Would you trade shortstop Jurickson Profar straight up for Tampa Bay Rays' pitcher David Price? ESPN.com's Keith Law wouldn't. The minor-league guru told The Ben & Skin Show on ESPN Dallas 103.3 FM that he values six years of Profar -- Law puts a premium on Profar's overall skill and the fact that he's a position player in the middle of the diamond -- over three years of club control of Price. Even Law concedes that a trade like that wouldn't even be thrown out because executives value pitching too much.
But just for fun (again, this is pure speculation), let's say that was the deal: Profar for Price. Law says he wouldn't trade Profar for Price unless the Rays threw in more pieces to the deal.
"Maybe you put Profar in a deal and get Price plus something else because you're trading six years for three years," Law said. "Do I believe such a deal would ever take place? No, I really doubt it. I think perceived values, which are not always the same as real values, have a lot to do with what trades occur in major league baseball.
"In this case, it would be very hard for the Rays to justify a deal like that with the perceived value of Price. They might be able to turn around and trade Price to someone else who's willing to overpay and give them major league players in return."
Ben & Skin talked about it again on the show Thursday morning. But there are several factors to consider here before you make your call. A few of those:
Profar, ranked No. 1 in Law's prospect rankings, is under club control for six years, and how much he plays in the big leagues this year determines when those six years are up. If Profar spends just under two months in the minors, he wouldn't accrue enough service time to get a full year this season, delaying the season in which he becomes a free agent.
Price has two more arbitration-eligible seasons after 2013. He'll make $10.1125 million this season and his salary will escalate from there. But he won't become a free agent until after the 2015 season. And if he's traded now, for instance, a club would have three years to try to convince him to sign long-term with them.
Price, 27, would give the club an ace with three years left on his deal. He won the AL Cy Young Award last year and has pitched at least 200 innings in each of the past three seasons. He has a career 3.16 ERA and a 61-31 record with 725 strikeouts and 259 walks. He's pitched in playoff games and does what aces are supposed to do: Keeps his team in games consistently and can dominate opponents at any time.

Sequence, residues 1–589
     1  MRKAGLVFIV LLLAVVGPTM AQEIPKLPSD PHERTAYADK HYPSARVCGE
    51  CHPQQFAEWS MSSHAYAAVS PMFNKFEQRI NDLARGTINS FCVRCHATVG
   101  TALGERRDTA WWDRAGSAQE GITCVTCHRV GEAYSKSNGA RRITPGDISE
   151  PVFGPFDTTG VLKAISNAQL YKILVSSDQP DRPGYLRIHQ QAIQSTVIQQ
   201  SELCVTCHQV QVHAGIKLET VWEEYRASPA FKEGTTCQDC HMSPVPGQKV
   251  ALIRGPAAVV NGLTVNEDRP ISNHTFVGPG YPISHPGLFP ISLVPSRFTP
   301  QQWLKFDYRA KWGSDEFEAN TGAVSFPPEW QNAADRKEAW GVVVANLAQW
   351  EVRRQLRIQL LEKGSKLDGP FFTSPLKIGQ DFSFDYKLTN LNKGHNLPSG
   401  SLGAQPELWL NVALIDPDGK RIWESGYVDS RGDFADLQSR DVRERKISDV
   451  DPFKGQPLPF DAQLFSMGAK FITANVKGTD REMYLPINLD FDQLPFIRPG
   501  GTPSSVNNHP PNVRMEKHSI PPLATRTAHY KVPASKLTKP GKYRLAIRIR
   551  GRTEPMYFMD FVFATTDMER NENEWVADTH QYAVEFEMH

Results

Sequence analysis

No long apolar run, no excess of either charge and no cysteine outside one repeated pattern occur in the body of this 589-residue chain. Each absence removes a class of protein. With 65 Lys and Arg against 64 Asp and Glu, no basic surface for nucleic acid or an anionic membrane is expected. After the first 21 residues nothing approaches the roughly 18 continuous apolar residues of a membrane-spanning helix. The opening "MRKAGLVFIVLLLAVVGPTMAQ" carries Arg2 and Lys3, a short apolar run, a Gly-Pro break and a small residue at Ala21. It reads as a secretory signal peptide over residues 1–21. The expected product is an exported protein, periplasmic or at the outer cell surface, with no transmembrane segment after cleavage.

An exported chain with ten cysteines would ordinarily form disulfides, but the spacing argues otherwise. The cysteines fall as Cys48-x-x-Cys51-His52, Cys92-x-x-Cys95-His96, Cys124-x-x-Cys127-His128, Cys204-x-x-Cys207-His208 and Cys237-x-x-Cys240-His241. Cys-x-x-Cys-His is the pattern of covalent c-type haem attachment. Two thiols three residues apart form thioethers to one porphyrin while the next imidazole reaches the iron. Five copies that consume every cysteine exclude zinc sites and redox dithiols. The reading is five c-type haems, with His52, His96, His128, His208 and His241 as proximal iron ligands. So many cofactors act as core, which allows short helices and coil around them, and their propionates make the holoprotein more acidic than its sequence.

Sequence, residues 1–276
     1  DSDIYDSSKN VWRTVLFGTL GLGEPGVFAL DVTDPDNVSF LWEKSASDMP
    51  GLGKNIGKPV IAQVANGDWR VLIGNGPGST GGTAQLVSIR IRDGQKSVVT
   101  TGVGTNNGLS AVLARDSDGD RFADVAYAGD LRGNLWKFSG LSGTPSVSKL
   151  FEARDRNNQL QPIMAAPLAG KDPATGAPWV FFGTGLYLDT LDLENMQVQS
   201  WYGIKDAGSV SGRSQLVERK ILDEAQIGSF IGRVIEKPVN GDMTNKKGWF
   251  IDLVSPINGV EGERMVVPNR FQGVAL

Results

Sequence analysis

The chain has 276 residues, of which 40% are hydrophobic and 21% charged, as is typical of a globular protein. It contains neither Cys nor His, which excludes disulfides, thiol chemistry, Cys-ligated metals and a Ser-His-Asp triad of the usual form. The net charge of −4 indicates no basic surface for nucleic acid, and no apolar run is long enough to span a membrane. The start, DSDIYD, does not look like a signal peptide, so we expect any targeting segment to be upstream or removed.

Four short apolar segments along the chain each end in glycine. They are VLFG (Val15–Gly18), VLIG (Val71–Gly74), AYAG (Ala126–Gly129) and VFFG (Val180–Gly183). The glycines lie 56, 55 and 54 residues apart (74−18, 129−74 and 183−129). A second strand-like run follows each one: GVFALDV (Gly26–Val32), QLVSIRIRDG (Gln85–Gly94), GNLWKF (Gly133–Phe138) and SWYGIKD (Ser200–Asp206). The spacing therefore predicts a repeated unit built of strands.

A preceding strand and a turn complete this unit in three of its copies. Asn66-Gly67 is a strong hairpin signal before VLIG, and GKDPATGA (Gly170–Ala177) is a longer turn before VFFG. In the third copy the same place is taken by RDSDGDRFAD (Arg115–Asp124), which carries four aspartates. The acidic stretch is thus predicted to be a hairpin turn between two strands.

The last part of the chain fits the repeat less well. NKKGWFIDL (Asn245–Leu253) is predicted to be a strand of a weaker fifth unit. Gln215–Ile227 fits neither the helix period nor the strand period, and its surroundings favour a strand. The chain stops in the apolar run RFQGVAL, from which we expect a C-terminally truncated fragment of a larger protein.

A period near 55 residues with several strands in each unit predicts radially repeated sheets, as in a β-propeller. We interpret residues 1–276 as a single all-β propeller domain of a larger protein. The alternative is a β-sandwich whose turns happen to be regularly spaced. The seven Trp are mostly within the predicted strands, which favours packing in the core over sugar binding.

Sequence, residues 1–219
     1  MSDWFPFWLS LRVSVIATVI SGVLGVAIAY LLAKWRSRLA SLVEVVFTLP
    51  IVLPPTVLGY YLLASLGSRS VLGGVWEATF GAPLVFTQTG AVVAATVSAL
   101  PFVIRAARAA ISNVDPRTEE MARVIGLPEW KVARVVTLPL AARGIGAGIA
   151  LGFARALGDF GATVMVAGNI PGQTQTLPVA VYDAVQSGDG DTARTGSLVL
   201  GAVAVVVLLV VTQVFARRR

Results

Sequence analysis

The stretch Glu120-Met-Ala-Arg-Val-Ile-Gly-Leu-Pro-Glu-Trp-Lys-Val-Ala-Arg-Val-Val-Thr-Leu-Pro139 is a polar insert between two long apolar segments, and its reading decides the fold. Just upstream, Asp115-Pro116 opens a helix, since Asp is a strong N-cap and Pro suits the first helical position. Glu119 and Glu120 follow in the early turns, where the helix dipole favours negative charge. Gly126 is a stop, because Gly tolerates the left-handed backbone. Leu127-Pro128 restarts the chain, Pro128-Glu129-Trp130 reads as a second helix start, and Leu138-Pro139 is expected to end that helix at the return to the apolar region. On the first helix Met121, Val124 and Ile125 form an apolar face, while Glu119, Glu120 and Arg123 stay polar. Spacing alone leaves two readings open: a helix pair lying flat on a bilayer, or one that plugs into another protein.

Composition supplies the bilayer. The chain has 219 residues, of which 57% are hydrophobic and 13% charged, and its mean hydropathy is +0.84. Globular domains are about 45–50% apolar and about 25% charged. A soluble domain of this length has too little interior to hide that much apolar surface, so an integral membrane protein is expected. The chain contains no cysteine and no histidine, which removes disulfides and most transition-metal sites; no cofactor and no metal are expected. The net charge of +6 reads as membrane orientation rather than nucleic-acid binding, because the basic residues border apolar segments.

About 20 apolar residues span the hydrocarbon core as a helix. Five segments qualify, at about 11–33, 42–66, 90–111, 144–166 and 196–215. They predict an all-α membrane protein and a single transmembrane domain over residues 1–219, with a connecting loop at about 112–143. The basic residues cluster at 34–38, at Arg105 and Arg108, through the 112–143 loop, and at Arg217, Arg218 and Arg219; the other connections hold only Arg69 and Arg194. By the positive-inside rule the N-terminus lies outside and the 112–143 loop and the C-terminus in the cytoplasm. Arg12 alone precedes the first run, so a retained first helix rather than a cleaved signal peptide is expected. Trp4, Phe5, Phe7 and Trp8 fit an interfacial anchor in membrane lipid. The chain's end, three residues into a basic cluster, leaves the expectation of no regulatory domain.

Profar has a huge ceiling. He's got a productive bat with power and plays solid defense at a critical position. While Price's salary escalates in the coming seasons, Profar will be cheap until he hits arbitration in three or four years.
My call? Make the deal. Look, I understand that Profar could be outstanding. Scouts rave about him and he's impressed me in limited looks in the minors and majors, too. But aces don't come around often. Heck, the Rangers had to make a $107 million investment in Yu Darvish in hopes that he would become one. So far, that looks like a great decision. But can you imagine Price and Darvish at the top of the Rangers' rotation the next three years? Throw in Matt Harrison, an 18-game winner last year, as the No. 3 and the depth of the rotation increases dramatically.
The risk here is that in two years the Rangers wouldn't have Profar or Elvis Andrus, whose comments yesterday on Ben & Skin seem to point toward him taking his act to the open market in two years. But I'd still make the deal despite the idea that there might be a hole at shortstop in two years. Leury Garcia could end up working his way there, or someone from outside the organization could jump in. And while those aren't better choices than Profar or Andrus, I'm willing to sacrifice it if it means Price is in the rotation. The deal gets even better, of course, if you can secure Price for the long haul. But I'll make the deal even without knowing that.
It makes more financial sense to keep Profar and Law thinks he can be one of the five or six best players in the game by the time he's 24 or 25. But the most difficult thing to find in this game is an ace. Can you imagine if the Rangers had two of them? So if that speculative deal was on the table, I make it.
What about you? Do you wave goodbye to six years of Profar for three of Price? Or do you turn that down?